condition convention 'if (10 == j)...'

Alexis Dimitriadis alexis at reed.UUCP
Thu May 2 08:25:54 AEST 1985

>>I think this is a good idea.  Any criticisms?  The only problem
>>I have with it is that I am not accustomed to reading code written
>>this way.

>Just that instead of writing, in the traditional manner,
>	if(pc=malloc(nbytes)==NULL)...
>you have to insert extra parens if you use the other form:
>	if(NULL==(pc=malloc(nbytes)))..
>This is because == has higher precedence than =, and the expression will
>first evaluate NULL==pc, then try to set the resulting constant to whatever 
>malloc() returns (except, of course, the compiler doesn't let you get that far).
   Umm, are you SURE about this example?  My compiler assigns operator
precedence regardless of the left-to-right order of the operators,
which is relevant only among operators of the same precedence.  And I have yet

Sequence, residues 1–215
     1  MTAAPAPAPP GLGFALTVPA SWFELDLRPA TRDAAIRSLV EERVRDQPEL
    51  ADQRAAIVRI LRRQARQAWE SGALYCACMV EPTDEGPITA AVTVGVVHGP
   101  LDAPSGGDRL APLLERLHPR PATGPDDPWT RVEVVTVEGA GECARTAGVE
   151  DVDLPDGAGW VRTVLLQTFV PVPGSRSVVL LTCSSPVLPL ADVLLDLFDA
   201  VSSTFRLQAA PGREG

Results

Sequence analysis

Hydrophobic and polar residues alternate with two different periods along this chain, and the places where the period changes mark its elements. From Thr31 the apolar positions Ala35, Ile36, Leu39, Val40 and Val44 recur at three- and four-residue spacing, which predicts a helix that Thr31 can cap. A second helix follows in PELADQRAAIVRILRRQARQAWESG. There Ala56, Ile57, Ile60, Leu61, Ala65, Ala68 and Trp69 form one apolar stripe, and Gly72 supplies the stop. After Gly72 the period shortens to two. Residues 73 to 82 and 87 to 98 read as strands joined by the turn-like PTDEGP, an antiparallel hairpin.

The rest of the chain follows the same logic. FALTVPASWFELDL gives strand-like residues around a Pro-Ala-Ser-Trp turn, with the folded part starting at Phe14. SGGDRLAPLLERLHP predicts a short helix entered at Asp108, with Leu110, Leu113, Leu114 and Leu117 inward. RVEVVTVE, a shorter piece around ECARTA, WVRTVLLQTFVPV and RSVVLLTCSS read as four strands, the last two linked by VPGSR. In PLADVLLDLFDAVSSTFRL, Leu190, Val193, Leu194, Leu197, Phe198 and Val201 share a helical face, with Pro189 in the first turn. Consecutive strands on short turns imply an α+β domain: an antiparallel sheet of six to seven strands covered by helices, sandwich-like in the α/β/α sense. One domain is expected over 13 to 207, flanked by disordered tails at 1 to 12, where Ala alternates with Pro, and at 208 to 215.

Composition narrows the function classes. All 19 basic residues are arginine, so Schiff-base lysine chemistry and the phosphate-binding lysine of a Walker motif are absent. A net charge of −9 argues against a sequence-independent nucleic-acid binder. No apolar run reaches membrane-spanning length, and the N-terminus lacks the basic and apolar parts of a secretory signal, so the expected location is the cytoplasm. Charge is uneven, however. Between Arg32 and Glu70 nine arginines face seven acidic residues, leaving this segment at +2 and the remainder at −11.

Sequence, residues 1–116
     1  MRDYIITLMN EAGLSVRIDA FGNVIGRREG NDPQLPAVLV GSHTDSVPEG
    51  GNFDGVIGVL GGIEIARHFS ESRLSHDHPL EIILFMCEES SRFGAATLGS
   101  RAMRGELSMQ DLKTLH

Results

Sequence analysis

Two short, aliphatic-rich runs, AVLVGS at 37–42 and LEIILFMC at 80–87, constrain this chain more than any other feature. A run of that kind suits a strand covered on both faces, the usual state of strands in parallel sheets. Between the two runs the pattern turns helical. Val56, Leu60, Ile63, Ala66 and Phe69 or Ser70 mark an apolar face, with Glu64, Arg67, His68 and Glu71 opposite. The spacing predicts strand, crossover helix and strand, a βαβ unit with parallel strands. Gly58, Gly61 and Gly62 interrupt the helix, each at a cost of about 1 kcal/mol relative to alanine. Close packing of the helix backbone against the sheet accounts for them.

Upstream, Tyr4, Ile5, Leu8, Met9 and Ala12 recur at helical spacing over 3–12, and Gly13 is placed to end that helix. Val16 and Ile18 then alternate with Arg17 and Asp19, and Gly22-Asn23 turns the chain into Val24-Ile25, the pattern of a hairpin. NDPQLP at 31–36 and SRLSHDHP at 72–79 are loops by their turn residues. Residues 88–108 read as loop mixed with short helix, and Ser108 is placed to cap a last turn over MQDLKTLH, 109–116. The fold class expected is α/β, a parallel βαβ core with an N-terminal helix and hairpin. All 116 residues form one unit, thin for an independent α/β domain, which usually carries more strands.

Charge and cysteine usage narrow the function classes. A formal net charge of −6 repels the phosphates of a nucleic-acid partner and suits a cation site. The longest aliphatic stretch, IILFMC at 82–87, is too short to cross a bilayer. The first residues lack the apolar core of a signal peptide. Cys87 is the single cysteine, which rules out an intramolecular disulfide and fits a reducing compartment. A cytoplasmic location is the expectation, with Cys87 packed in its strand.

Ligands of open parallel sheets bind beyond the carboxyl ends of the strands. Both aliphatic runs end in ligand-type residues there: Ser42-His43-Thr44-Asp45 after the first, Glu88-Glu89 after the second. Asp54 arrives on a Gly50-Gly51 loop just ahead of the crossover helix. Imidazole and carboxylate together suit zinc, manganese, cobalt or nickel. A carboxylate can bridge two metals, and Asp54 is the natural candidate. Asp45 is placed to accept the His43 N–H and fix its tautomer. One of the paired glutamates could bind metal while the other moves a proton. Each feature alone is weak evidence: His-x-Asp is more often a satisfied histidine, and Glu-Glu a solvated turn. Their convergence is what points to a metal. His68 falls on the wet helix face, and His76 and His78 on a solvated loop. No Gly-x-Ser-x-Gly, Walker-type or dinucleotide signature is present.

to hear of a compiler that doesn't.  In fact, pc=malloc(bytes)==NULL 
sets pc to 0 or 1, depending on whether malloc() succeeds.

  At least using NULL==... lets the compiler catch the error.  This 
(constant == lvalue) thing sounds more attractive all the time.

  I guess the reason everybody uses (lvalue==constant) is BECAUSE it looks
like the lvalue=constant construction.  But given the frequency with
which the similarity leads to mistakes, it may be time to get used to
forms that stress the dissimilarity of the operations.  Then there is
less of a chance that a wrong expression will be a valid C construction.
Besides, such constructs can be less ambiguous (easier to read) if used 
consistently, since idioms for different things will look different.

PS. Should customizable pretty printers have a option to move constants
to the left/right of comparisons? :-)

Alexis Dimitriadis
  As soon as I get a regular job, the opinions expressed above
will attach themselves to my employer, who will never be rid of
them again.

	  alexis @ reed

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